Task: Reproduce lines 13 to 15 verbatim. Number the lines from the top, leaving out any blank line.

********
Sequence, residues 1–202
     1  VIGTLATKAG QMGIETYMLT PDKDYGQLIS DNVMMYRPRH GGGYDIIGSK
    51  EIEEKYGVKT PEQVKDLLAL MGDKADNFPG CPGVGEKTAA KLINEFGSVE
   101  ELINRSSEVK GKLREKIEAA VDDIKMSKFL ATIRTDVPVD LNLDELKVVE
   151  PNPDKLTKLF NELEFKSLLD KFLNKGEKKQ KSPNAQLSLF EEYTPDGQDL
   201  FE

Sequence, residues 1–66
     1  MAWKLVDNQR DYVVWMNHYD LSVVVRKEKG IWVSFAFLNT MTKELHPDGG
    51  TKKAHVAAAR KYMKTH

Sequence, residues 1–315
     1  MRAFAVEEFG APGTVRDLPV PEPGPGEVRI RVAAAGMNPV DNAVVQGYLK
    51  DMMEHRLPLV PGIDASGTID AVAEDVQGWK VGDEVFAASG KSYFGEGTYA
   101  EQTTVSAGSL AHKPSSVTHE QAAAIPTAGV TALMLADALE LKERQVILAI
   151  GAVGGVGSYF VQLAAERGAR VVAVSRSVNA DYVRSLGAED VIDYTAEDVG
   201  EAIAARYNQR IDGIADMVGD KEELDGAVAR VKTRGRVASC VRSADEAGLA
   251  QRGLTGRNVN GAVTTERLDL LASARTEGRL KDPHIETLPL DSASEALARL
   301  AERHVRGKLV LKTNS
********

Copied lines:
   101  EQTTVSAGSL AHKPSSVTHE QAAAIPTAGV TALMLADALE LKERQVILAI
   151  GAVGGVGSYF VQLAAERGAR VVAVSRSVNA DYVRSLGAED VIDYTAEDVG
   201  EAIAARYNQR IDGIADMVGD KEELDGAVAR VKTRGRVASC VRSADEAGLA